It has brought preconditions after preconditions in the ongoing tripartite discussions which were terminated recently._ It is not unusual that Egypt has been executing various activities in a bid to jeopardize development efforts of upstream countries along the Nile Waters._
All the upstream countries need to apply a win-win approach._ However, some Egyptian politicians and media outlets failed to stop their zero-sum game politics. Some officials of that country have been attempting to jeopardize development efforts in upstream countries, particularly in Ethiopia.
The current move by some members of the Egyptian Parliament is just the sequel of what that country has been doing on Ethiopia for long.
But this brings about a change on the schedule and on the entire diplomatic relationship between Ethiopia and Egypt. According to Ethiopian Ministry of Foreign Affairs Spokesperson Meles Alemu, these groups could not impede the Premiers’ visit to Egypt and the scheduled speech delivery to the Egyptian Parliament.
In fact, there are always some groups in every society that usually oppose whatever governments do home and abroad.
This is inevitable. But the majority of the Egyptian people should know that Ethiopia is not running a project that inflicts any harm on Egypt. Rather, they have to understand the fact that the dam has multifaceted benefits to the Egyptians as well.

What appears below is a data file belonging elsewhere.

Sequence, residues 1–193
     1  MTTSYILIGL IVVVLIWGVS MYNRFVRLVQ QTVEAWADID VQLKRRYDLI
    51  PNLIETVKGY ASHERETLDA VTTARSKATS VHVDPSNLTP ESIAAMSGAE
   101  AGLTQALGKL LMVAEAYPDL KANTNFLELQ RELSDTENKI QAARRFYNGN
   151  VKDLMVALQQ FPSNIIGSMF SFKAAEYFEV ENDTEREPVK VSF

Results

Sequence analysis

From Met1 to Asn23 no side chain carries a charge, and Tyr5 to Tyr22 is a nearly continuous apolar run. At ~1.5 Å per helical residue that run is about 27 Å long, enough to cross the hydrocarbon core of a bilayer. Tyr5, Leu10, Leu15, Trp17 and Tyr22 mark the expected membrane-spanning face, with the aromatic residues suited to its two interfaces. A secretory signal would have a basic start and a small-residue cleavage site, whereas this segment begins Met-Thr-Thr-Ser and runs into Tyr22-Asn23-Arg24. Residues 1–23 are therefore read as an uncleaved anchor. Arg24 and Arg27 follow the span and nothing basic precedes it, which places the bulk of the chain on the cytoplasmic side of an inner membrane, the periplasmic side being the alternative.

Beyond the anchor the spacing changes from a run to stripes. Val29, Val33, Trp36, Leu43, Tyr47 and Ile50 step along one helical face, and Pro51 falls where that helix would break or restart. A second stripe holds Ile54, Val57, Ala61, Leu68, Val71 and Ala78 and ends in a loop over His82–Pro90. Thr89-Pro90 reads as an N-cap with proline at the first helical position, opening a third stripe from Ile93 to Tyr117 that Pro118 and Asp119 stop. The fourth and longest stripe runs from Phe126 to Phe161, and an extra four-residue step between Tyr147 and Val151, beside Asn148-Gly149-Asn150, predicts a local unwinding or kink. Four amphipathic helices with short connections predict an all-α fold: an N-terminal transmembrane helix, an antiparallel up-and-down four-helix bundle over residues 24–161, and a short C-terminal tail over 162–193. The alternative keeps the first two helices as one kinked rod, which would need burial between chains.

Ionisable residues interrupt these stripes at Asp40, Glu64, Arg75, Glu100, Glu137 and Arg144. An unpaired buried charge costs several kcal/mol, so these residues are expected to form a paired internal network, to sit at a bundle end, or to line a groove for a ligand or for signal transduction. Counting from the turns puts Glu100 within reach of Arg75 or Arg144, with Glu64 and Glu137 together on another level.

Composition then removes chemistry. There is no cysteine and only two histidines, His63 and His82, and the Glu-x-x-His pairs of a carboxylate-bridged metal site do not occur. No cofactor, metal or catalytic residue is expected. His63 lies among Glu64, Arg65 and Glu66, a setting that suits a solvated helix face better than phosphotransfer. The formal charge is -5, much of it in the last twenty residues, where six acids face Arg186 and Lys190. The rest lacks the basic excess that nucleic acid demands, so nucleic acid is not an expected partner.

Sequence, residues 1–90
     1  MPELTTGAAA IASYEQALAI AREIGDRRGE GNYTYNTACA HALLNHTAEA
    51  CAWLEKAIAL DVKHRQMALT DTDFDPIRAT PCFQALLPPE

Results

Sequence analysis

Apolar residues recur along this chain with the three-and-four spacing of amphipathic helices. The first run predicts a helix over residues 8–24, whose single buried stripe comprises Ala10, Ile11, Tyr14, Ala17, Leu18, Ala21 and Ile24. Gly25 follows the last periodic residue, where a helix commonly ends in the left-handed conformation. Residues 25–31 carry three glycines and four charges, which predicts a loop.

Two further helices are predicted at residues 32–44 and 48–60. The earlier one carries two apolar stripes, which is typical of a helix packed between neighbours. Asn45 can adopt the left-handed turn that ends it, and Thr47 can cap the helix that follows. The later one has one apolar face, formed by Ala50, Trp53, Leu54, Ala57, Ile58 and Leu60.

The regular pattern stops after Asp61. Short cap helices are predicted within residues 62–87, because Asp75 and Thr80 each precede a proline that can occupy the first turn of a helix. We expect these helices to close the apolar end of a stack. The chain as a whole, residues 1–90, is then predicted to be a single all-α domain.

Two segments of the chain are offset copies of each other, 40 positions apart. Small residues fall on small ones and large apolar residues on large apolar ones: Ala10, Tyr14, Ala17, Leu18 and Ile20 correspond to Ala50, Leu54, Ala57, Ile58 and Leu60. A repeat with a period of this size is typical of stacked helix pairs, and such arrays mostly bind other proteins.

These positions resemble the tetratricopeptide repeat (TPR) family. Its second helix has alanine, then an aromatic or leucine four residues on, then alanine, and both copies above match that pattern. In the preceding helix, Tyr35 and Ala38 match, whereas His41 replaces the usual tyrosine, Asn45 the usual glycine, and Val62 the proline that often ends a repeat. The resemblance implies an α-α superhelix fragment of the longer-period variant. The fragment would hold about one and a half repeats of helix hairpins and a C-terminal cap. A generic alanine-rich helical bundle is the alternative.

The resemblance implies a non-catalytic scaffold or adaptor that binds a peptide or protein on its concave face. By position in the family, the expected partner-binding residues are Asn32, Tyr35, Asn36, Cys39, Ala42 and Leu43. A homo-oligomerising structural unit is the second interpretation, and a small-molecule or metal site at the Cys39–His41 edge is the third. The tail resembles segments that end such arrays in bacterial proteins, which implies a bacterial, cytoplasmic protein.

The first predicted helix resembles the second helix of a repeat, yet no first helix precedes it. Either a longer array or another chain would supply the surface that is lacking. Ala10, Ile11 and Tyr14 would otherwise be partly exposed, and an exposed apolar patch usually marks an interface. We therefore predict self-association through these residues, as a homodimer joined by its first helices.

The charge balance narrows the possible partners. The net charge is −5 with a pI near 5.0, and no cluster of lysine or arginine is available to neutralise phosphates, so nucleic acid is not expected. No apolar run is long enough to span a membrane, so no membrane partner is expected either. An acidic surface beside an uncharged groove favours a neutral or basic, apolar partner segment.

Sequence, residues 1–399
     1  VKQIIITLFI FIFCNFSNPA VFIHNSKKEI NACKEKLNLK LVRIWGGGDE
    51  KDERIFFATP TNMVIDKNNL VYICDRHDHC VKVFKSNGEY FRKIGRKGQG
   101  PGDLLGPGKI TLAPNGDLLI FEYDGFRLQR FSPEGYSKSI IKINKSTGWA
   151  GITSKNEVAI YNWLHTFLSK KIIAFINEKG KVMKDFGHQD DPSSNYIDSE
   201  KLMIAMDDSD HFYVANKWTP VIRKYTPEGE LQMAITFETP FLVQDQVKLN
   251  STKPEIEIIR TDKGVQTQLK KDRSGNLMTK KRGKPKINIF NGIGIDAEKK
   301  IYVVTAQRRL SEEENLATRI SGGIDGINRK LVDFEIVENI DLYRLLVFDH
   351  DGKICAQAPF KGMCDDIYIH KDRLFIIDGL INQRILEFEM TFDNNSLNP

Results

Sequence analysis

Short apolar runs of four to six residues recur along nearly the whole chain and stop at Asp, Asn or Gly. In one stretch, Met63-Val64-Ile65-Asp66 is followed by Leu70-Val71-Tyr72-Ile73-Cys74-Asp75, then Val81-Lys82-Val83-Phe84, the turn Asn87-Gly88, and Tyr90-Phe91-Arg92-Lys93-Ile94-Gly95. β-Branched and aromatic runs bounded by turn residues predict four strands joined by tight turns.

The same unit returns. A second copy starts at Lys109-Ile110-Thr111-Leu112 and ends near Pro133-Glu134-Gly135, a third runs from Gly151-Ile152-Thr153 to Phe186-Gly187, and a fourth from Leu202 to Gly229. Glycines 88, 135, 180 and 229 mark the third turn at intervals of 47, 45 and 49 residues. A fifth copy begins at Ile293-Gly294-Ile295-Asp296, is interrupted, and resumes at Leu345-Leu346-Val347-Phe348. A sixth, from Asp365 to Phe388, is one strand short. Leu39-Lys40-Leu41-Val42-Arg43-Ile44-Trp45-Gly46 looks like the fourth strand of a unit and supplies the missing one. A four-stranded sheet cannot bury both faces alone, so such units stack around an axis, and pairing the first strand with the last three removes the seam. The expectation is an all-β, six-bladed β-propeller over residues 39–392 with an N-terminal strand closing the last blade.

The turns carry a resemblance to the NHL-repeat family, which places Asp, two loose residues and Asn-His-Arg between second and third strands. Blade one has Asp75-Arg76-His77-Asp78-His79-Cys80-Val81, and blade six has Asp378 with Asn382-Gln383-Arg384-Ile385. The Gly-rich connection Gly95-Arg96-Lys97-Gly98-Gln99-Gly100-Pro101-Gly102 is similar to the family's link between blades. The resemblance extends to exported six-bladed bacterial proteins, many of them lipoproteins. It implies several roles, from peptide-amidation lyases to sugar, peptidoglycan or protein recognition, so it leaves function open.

If the people get enough information that could encounter the propaganda of some of the groups and the media in Egypt that have been disseminating unfounded stories about the impacts of the Grand Ethiopian Renaissance Dam, there would be better cooperation between the peoples of the two nations.
In fact, Ethiopians understand that the Nile is the life of Egyptians as their entire life is interconnected with the River.
But the Egyptians should also understand that Ethiopia’s poverty alleviation goals can only be achieved through harnessing its natural resources, basically its water resources.
Ethiopia’s Minister of Government Communication Affairs Office once said, “Development is a matter of life or death to Ethiopians”._
The country has been implementing its poverty alleviation schemes that incorporate various mega projects. GERD is one of these projects believed to ensure sustainable development.
The Premier’s visit that aimed to address the Egyptian people’s concerns about the construction of the dam could help the Egyptian people to balance all the negative propagandas that have been inflicted up on them by some irresponsible officials and media in that country.
It is believed that the people in Egypt would know the reality from the first source and will cooperate with Ethiopia for mutual benefit and development.